Ahead of Blue Shirt Day, this briefing looks at the situation of political prisoners in Burma.
Two years since the NLD-led government took power, there are still political prisoners in jail and people are still being arrested because of their political activities or ethnicity. Repressive laws which are being used to intimidate, arrest and jail political activists remain in place and more laws have been introduced.
On the fourth anniversary of the death of U Win Tin, more than 100 political prisoners remain in jail, and over 100 more people are awaiting trial. Aung San Suu Kyi does not control the military but it is within her power to order the release of all political prisoners, and she does have the parliamentary majority needed to repeal repressive laws used to jail political prisoners.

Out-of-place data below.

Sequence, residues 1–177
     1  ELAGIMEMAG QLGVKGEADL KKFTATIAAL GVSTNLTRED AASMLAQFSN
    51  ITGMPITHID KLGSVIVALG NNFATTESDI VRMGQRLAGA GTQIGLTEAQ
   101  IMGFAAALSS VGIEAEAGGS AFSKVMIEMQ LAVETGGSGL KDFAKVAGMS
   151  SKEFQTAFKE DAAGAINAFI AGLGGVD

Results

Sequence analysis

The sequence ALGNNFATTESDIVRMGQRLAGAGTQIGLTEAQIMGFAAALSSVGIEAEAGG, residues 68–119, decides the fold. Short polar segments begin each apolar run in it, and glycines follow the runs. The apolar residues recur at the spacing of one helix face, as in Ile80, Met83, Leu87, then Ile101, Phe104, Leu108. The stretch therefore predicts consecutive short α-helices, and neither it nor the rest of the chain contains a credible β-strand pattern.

U Win TIn
U Win Tin, a journalist and founding member of the National League for Democracy, was one of Burma’s longest serving political prisoners, describing his time in jail from 1989 until 2008 as living in hell. U Win Tin famously pledged to wear a blue shirt, the same colour shirt he had to wear in prison, until all political prisoners in Burma were released. He died on 21st April 2014 without seeing an end to the jailing of political prisoners.
Blue Shirt Day
On 21st April, people around the world will be wearing a blue shirt or blue clothing in memory of U Win Tin, who served nearly 20 years in jail as a political prisoner.
Please join Blue Shirt Day on Saturday 21st April. Wear blue, post pictures on social media, and remind the world that there are still political prisoners in Burma’s jails, and that they must be freed.
Post a picture of yourself on Facebook, Twitter and Instagram using the hashtag #blueshirt4burma